Introduction Peritoneal adhesion formation is a common complication of abdominal surgery and is associated with chronic abdominal pain, bowel obstruction, female infertility and reoperation complications. Non-invasive diagnosis has the potential to improve patient management by determining the cause of symptoms. Cine-MR (cMR) has been used for this purpose1but in our experience has proven labour intensive and with high inter-operator variability. We previously presented a mathematical interpretation of abdominal movement in cMR to infer gross abnormalities.2We have since refined our approach to detect more subtle changes. Here we present the preliminary results of our new technique.
Method Sagittal cMR images were obtained using a previously defined scanning protocol.2Images from 3 patients were analysed, 2 with abdominal wall adhesions and 1 without. The principle driving the methodology is the expectation that an adhesion’s resistance to visceral slide produces a quantifiable reduction in shear at that location. The method entails image processing of cMR images in which visceral slide is captured over several breathing cycles. Specifically this involves:
Defining a line of demarcation between the sliding regions, typically the abdominal contents and the abdominal wall.
Independent interrogation of the respective modes of motion in these separate regions using image registration software.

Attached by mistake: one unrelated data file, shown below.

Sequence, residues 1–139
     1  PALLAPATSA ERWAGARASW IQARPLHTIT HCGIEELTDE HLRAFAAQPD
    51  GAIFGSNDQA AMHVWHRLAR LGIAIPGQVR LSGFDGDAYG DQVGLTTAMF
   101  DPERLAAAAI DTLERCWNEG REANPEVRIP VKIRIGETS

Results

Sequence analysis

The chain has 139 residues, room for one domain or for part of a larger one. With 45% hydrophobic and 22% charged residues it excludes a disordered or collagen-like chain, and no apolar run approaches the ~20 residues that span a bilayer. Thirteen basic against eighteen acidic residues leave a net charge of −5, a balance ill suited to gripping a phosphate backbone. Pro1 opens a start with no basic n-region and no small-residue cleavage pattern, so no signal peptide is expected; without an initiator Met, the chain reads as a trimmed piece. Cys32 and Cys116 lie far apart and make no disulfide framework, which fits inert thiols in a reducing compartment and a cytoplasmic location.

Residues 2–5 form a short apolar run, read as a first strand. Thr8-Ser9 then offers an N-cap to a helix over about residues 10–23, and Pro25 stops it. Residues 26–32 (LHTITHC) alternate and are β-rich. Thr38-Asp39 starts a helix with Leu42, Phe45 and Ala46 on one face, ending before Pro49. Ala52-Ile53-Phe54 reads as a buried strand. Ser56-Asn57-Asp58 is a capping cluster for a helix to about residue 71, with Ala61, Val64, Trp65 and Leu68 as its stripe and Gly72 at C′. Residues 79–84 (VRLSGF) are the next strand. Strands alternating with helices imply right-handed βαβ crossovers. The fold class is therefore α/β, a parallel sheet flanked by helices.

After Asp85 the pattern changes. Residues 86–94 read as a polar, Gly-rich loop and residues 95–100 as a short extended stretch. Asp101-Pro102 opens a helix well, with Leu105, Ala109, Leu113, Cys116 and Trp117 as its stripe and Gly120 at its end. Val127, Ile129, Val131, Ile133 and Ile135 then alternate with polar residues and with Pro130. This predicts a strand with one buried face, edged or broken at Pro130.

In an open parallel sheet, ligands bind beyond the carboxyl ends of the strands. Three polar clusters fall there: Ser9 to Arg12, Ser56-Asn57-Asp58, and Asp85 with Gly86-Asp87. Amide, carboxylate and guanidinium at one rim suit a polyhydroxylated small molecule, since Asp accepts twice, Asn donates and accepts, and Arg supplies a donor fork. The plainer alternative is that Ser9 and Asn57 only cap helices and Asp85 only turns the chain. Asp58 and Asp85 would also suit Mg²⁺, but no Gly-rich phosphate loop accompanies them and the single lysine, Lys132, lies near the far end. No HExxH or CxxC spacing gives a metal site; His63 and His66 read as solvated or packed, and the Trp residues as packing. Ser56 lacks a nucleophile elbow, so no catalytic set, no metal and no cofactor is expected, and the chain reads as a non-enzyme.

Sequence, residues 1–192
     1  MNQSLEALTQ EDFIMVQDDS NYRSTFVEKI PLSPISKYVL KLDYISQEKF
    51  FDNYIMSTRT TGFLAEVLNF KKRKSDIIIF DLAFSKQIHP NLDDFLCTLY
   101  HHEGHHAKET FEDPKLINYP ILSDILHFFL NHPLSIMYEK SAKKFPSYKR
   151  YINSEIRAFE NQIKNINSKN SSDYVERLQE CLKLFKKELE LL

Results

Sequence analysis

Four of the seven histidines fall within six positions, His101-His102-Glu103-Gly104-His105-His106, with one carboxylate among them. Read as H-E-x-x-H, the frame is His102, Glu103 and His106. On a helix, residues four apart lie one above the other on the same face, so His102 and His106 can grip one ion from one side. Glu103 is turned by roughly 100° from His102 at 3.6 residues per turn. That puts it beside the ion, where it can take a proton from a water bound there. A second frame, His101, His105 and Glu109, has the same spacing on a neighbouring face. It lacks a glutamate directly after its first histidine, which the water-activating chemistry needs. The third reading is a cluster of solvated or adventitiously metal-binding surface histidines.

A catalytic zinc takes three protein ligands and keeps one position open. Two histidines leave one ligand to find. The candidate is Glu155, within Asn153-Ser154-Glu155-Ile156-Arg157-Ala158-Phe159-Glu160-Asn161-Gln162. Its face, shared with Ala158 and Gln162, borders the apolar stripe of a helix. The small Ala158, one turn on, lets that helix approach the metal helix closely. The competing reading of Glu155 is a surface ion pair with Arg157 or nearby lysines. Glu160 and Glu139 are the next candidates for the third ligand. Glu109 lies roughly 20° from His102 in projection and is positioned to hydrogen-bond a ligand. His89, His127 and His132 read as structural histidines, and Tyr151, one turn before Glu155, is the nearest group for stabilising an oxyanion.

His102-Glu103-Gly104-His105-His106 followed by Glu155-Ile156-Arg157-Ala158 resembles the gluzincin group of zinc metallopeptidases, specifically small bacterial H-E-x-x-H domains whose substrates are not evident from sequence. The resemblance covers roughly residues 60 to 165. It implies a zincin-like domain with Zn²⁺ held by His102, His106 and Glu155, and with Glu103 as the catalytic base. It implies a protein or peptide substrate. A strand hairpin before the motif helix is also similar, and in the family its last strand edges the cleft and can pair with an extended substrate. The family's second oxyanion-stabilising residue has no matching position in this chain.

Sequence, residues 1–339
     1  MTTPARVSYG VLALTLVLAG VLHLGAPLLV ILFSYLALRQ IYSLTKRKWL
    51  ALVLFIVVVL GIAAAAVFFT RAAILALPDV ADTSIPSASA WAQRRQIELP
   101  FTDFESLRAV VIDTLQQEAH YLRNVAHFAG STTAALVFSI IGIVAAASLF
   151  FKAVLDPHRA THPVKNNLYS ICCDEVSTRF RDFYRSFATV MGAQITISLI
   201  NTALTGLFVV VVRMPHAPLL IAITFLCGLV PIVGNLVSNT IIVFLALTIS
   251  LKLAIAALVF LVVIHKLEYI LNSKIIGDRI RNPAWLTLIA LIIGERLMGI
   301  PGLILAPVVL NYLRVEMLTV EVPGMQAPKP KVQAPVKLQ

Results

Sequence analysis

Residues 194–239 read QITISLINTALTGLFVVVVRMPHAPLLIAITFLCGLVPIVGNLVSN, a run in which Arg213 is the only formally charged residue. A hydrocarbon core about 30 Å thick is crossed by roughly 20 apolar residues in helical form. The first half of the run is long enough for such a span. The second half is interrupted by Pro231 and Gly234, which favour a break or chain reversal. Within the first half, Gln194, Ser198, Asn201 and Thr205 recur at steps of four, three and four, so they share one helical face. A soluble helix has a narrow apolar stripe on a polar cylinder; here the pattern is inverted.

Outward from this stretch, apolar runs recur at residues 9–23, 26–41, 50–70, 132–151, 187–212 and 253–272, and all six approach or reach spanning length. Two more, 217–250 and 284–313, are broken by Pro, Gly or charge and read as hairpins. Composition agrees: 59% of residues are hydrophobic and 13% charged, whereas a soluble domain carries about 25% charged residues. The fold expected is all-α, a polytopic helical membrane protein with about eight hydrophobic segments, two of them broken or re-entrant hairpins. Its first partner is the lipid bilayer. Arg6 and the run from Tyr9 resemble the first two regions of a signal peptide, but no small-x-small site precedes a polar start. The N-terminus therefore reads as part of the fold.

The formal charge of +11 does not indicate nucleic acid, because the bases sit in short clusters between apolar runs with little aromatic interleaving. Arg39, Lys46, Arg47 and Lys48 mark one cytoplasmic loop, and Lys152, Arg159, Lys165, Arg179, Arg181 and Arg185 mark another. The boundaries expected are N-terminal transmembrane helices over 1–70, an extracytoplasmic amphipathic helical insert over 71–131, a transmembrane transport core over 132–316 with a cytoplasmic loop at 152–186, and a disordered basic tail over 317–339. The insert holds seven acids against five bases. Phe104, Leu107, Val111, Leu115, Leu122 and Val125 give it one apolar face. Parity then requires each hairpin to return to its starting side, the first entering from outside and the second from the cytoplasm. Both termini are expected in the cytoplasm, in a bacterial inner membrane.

Deduction of the relative motion at the boundary between the two regions
Extraction of the magnitude of shear and its presentation in a ‘sheargram’.
Results The images display the accumulated shear over approximately 3 respiratory cycles in patients with and without abdominal wall adhesions. The left image (with adhesions) shows a marked reduction in shear in the lower fifth of the abdominal wall correlating to a surgically verified adhesion. The reliability of these preliminary results is also supported by the more even distribution of shear observed in a patient without anterior abdominal wall adhesions (right image).
Conclusion Our pilot results demonstrate the potential of this newly developed image analysis technique. In combination with other relevant diagnostic information it facilitates the efficient localisation of adhesions to the abdominal wall. A larger study is in progress to confirm these results.
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Fenner, et al. Phys Medica2014;30(4):437–447
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